Other people's poems

Prose, poetry, music, art, it all goes in here! Showcase your creative talents.

Postby elko » Thu Apr 27, 2006 7:34 pm

<!--quoteo--><div class='quotetop'>QUOTE</div><div class='quotemain'><!--quotec-->THE BALLAD OF THE SKELETONS
By Allen Ginsburg, Philip Glass and Paul McCartney


SAID THE PRESIDENTIAL SKELETON, "I WON'T SIGN THE BILL!"
SAID THE SPEAKER SKELETON, "YES YOU WILL!"
SAID THE REPRESENTITIVE SKELETON, "I OBJECT"
SAID THE SUPREME COURT SKELETON, "WHAT DO YOU EXPECT?"

SAID THE MILITARY SKELETON, "BUY STAR BOMBS"
SAID THE UPPER-CLASS SKELETON, "STARVE UNMARRIED MOMS"
SAID THE YAHOO SKELETON, "STOP DIRTY ART"
SAID THE RIGHT WING SKELETON, "FORGET ABOUT YOUR HEART"

SAID THE GNOSTIC SKELETON, "HUMAN FORM'S DIVINE"
SAID THE CHRISTIAN COALITION SKELETON, "NO IT'S NOT, IT'S MINE"
SAID THE BUDDHA SKELETON, "COMPASSION IS WEALTH"
SAID THE CORPORATE SKELETON, "IT'S BAD FOR YOUR HEALTH"

SAID THE OLD CHRIST SKELETON, "CARE FOR THE POOR"
SAID THE SON OF GOD SKELETON, "AIDS NEEDS CURE"
SAID THE HOMOPHOBE SKELETON, "GAY FOLKS SUCK"
SAID THE HERTIAGE POLICY SKELETON, "BLACKS ARE OUT OF LUCK"

SAID THE MACHO SKELETON, "WOMEN IN THEIR PLACE"
SAID THE FUNDAMENTALIST SKELETON, "INCREASE THE HUMAN RACE"
SAID THE RIGHT-TO-LIFE SKELETON, "FETUS HAS A SOUL"
SAID THE PRO-CHOICE SKELETON, "SHUT UP YOUR HOLES!"

SAID THE DOWNSIZE SKELETON, "ROBOTS GOT MY JOB"
SAID THE TOUGH ON CRIME SKELETON, "TEARGAS THE MOB!"
SAID THE GOVENOR SKELETON, "CUT SCHOOL LUNCH"
SAID THE MAYOR SKELETON, "EAT THE BUDGET CRUNCH"
SAID THE NEO-CONSERVATIVE SKELETON, "HOMLESS OFF THE STREETS"
SAID THE FREE MARKET SKELETON, "USE 'EM UP FOR MEAT"

SAID THE THINK TANK SKELETON, "FREE MARKET'S THE WAY"
SAID THE SAVINGS AND LOAN SKELETON, "MAKE THE STATE PAY"
SAID THE CHRYSLER SKELETON, "PAY FOR YOU AND ME"
SAID THE NUKE POWER SKELETON, "AND ME AND ME AND ME"
SAID THE ECOLOGIC SKELETON, "KEEP SKIES BLUE"
SAID THE MULTI-NATIONAL SKELETON, "WHAT'S IT WORTH TO YOU?"

SAID THE NAFTA SKELETON, "GET RICH - FREE TRADE"
SAID THE MAFIADORA SKELETON, "SWEATSHOPS, LOW PAY"
SAID THE RICH GAT SKELETON, "ONE WORLD, HI-TECH"
SAID THE UNDERCLASS SKELETON, "GET IT IN THE NECK"
SAID THE WORLD BANK SKELETON, "CUT DOWN YOUR TREES"
SAID THE IMF SKELETON, "BUY AMERICAN CHEESE"

SAID THE UNDER-DEVELOPED SKELETON, "WE WANT RICE"
SAID THE DEVELOPED NATION SKELETON, "SELL YOUR BONES FOR DICE"

SAID THE AYATOLA SKELETON, "DIE WRITER, DIE"
SAID THE JOE STALIN SKELETON, "THAT'S NO LIE"
SAID THE MIDDLE-KINGDOM SKELTON, "WE SWALLOWED TIBET"
SAID THE DALI LAMA SKELETON, "INDIGESTION'S WHAT YOU GET!"
SAID THE WORLD CORP. SKELETON, "THAT'S THEIR FATE"
SAID THE USA SKELETON, "GONNA SAVE KUWAIT"

SAID THE PETRO-CHEMICALS SKELETON, "ROAR BOMBERS, ROAR!"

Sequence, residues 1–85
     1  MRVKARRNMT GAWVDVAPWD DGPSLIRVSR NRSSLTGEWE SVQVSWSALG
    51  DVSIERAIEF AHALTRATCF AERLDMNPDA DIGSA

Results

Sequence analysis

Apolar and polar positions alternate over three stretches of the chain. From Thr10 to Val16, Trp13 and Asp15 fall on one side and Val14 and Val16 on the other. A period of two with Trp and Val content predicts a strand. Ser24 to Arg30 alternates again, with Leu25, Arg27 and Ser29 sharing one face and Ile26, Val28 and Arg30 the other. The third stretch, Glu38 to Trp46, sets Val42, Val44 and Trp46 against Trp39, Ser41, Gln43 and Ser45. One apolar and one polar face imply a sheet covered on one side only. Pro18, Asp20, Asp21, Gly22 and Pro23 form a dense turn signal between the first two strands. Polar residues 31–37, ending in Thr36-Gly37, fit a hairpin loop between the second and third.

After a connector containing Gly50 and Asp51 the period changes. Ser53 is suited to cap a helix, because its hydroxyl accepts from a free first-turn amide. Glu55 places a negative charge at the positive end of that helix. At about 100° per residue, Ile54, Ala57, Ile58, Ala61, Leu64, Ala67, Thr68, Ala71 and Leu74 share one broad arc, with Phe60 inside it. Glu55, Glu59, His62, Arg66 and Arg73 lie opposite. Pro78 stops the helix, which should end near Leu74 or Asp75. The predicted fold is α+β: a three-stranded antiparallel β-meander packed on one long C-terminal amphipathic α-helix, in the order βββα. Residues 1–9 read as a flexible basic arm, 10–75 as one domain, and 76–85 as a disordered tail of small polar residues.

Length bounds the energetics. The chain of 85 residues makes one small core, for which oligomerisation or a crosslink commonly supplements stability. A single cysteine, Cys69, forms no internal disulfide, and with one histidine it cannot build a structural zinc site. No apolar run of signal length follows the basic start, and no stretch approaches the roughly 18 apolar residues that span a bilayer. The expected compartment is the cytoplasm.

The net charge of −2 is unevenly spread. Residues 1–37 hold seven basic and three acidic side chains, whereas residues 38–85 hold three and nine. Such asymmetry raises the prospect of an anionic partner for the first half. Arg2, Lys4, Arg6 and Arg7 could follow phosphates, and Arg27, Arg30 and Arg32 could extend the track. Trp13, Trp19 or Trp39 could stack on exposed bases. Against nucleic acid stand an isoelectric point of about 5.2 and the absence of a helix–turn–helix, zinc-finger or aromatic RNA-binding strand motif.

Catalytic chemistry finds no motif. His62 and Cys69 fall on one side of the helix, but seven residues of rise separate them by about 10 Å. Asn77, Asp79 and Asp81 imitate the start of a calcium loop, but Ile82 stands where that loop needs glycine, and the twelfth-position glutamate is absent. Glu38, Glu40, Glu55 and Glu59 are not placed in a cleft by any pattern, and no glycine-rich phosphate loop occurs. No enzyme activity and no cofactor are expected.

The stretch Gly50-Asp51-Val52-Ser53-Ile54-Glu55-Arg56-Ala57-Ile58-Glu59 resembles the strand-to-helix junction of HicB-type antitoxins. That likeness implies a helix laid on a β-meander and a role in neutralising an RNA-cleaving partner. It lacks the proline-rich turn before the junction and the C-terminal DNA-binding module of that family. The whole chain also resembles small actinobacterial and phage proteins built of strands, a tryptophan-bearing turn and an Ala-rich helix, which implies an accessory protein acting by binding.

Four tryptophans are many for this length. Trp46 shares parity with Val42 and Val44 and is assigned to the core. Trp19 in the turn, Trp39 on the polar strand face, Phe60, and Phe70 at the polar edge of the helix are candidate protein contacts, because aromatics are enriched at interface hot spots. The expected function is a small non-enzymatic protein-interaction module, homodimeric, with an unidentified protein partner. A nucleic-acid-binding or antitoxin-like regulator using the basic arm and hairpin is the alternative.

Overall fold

SAID THE PSYCHEDELIC SKELETON, "SMOKE A DINOSAUR"
SAID THE NANCY SKELETON, "JUST SAY NO!"
SAID THE RASTA SKELETON, "BLOW NANCY BLOW!"

SAID THE DEMOGOG SKELETON, "DON'T SMOKE POT"
SAID THE ALCOHOLIC SKELETON, "LET YOUR LIVER ROT"
SAID THE JUNKY SKELETON, "CAN'T WE GET A FIX?"
SAID THE BIG BROTHER SKELETON, "JAIL THE DIRTY PRICKS!"
SAID THE MIRROR SKELETON, "HEY GOOD LOOKING"
SAID THE ELECTRIC CHAIR SKELETON, "HEY, WHAT'S COOKING?"

SAID THE TALKSHOW SKELETON, "FUCK YOU IN THE FACE"
SAID THE FAMILY-VALUE SKELETON, "MY FAMILY-VALUE MAKES"
SAID THE NEW YORK TIMES SKELETON, "THAT'S NOT FIT TO PRINT"
SAID THE CIA SKELETON, "CAN'T YOU TAKE A HINT?"

SAID THE NETWORK SKELETON, "BELIEVE MY EYES"
SAID THE ADVERTISING SKELETON, "DON'T GET WISE"
SAID THE MEDIA SKELETON, "BELIEVE YOU ME"
SAID THE COUCH POTATO SKELETON, "WHAT ME WORRY?"
SAID THE TV SKELETON, "EAT SOUND BYTES"
SAID THE NEWSCAST SKELETON, "THAT'S ALL, GOODNIGHT"<!--QuoteEnd--></div><!--QuoteEEnd-->
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Postby helmoz » Wed May 17, 2006 6:38 pm

Bref wrote:Anyone know where I can find that poem Mark Lamar wrote"I am the James Dean of the dole queue", i've heard it's really good but I can't find it anywhere.


<a href="http://en.wikipedia.org/wiki/Too_fast_to_live_too_young_to_work" target="_blank">http://en.wikipedia.org/wiki/Too_fast_to_l...o_young_to_work</a>
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Postby chicken » Thu May 18, 2006 3:01 am

i saw Marianne Boruch read earlier this spring. she really didn't get into a good rhythm (the enthusiam of the audience took her aback a bit i think), but she still gave me goose-pimples.

here's a snippet from a very long poem called: The History of The:
...
I would draw my cat,
but she'd look back. I would
draw her but she's
way past sleep and sheds her
quiet like tickertape
down the long hallway, talking
cranky and offkey.

Of couse, it's winter. I would draw
that, but a pencil isn't
fierce enough for branches stripped
to nothing. To one leaf, which
is as good as nothing. And nothing--
that gift needs invisible ink.

I'd draw the way words feel
in the mouth after too long without
words, or the way the body rises after
hours of dream, gravity
on every bone again, that anchoring
and ache.

Or I wouldn't. Or I couldn't.
Or I'd bury the treasure
in the most obvious place...."


i have just one of her books of poety, 206 pages of it is not enough. she's quite talented.